Read user type as &[u8; X]?

The goal I'm trying to achieve is to read a generic UserType which is Sized into a bunch of "backup" registers on an embedded device to keep the value stored between full resets of the device.

I'm trying to figure out how I can read the given UserType as a list of &[u8; X] without doing any form of memcpy. The best I found so far is core::mem::transmute but it says in the documentation that underneath the hood it does a memcpy.

NOTE: I'm fully aware this is unsafe and has aliasing and padding issues. This is for an embedded project and I'll be handling the padding for the "last bytes on the last 32bit register" myself.

If you transmute a reference, it will only memcpy the reference itself, which is no problem. But at that level, you might as well just do a pointer cast, &*(bytes as *const [u8; X] as *const UserType).

Make sure your types are #[repr(C)], otherwise the byte-wise layout is not guaranteed.

What do you mean exactly by that? In my case when the device resets I need to "reconstruct" the user type/value back from the 32bit registers. I'm hoping internally the type value byte strcuture, while possibly not defined cleanly (LLVM etc.) is at least constant :smiley:

Also you should use &[MaybeUninit<u8>; X] so that you dont cause UB if there are padding bytes. Notr that uninitalized u8 may be UB to construct, but this hasn't been decided yet. To be on the safe side use MaybeUninit<u8> instead of u8

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See this section in the reference about representations. The default makes no guarantees about alignment, padding, nor even field order. Yes, the compiler has to be internally consistent -- but this could change from run to run, and it has changed before between compiler versions. On the other hand, repr(C) notes:

The second purpose is to create types that you can soundly perform operations on that rely on data layout such as reinterpreting values as a different type.

Ah I see. That's OK tho. This is meant for resets of the device, it doesn't need to be consistent between re-uploads of the program. It's also not a serialization (strictly speaking), but more of a cache. Main use cases will be things like counters, measurement results being stored between hardware sleeps on the embedded device.

I just wanted to make it easier to work with than by accesing 16 individual u32 registers.

Actually testing this out now, but won't this fail on can't cast because it's not primitive types?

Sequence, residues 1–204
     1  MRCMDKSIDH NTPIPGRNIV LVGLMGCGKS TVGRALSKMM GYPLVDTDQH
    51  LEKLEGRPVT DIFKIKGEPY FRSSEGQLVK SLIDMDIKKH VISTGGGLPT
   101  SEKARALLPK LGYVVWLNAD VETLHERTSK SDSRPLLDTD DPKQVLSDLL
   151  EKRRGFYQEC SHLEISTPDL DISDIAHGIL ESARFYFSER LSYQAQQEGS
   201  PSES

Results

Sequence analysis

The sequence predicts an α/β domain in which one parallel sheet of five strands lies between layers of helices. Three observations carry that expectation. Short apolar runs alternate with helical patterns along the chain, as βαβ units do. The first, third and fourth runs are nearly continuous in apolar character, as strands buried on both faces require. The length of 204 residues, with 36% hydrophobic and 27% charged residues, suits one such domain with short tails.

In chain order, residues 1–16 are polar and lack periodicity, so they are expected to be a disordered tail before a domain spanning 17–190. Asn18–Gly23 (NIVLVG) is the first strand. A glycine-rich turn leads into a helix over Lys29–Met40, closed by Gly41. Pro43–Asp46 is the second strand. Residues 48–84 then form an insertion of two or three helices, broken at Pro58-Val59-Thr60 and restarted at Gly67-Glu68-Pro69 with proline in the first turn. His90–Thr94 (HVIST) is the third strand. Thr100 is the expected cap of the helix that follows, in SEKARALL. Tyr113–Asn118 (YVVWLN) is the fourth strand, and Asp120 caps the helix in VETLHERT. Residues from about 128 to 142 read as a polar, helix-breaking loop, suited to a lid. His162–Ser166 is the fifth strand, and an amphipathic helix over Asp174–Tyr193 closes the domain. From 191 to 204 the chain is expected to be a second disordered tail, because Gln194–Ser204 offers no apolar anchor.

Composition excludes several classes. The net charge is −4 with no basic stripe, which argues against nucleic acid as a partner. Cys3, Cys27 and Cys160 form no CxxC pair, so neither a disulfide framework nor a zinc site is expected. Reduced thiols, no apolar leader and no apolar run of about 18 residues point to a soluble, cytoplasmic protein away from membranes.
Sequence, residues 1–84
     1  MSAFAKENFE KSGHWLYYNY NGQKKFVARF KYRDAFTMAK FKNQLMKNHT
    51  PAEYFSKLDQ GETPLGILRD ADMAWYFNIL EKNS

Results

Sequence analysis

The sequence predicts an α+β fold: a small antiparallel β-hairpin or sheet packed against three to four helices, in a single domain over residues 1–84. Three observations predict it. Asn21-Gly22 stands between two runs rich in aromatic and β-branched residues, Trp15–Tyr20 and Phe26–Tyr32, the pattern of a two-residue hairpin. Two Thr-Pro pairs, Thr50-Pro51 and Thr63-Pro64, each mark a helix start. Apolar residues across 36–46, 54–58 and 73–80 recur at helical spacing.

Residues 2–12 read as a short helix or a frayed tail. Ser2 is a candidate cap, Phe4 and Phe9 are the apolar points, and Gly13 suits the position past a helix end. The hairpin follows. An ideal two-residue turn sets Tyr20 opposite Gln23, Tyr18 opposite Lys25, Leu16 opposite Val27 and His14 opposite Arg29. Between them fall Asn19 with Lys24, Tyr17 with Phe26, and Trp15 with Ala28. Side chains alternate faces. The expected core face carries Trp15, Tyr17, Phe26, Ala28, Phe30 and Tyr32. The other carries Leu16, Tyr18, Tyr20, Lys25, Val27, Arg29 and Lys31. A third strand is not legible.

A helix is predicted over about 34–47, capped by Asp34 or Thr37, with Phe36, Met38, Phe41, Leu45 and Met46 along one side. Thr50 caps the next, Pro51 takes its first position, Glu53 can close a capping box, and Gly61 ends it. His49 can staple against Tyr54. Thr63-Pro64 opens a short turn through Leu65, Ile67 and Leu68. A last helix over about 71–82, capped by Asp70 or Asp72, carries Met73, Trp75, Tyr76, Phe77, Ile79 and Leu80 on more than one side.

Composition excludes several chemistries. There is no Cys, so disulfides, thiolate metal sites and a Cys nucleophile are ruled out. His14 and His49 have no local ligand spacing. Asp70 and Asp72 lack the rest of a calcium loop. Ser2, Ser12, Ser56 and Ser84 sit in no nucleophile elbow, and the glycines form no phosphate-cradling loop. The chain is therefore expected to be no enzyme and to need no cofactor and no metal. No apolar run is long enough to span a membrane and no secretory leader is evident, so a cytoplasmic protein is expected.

Obligatory mention: ::zerocopy

Sadly I need #[nostd]

Got this far with it: https://play.rust-lang.org/?version=stable&mode=debug&edition=2018&gist=51c6d05fef6a0bf7ba0a8d61b303f72b

Didn't do the coercing into 32bit chunks with padding yet, but seems promising. I didn't check if transmute does indeed do a copy in --release mode, but it does require Copy trait.

You can cast pointers regardless of what they're pointing to. You just can't cast non-primitive values.

OK I think this is the "best" solution so far. If you see a way to simplify further shoot but I think it's "good enough" (NOTE: we're not caring about padding here)

https://play.rust-lang.org/?version=stable&mode=debug&edition=2018&gist=b7ede5e2b5bd9f3b4dcbe59fbadf83cf

Reading and writing to padding is UB so even if you don't care about padding, you must make sure that either there are no padding bytes or that you don't read or write to them.

More importantly, transmuting a shared reference into a unique reference is UB (no matter how you do it). I.e. you are not allowed to write to a &T no matter how you do it. (Fix)

Well I do need to care about padding since the memory I'm writing the data to is a bunch of u32 registers. This means that it'll always be possible that the user data (e.g. type) will be using say just 1 byte of the last u32 register in line and when I'm trying to read it back directly from the registers I'd be writing out of bounds depending on alignment/padding.

Is there a way to force a type to be repr(C) for example? That'd make things a bit more defined.

No, but you could make a trait like so

unsafe trait IsReprC {}

And force user to implement it, and document that it is only safe to implement if the type has the layout requirements that you want.

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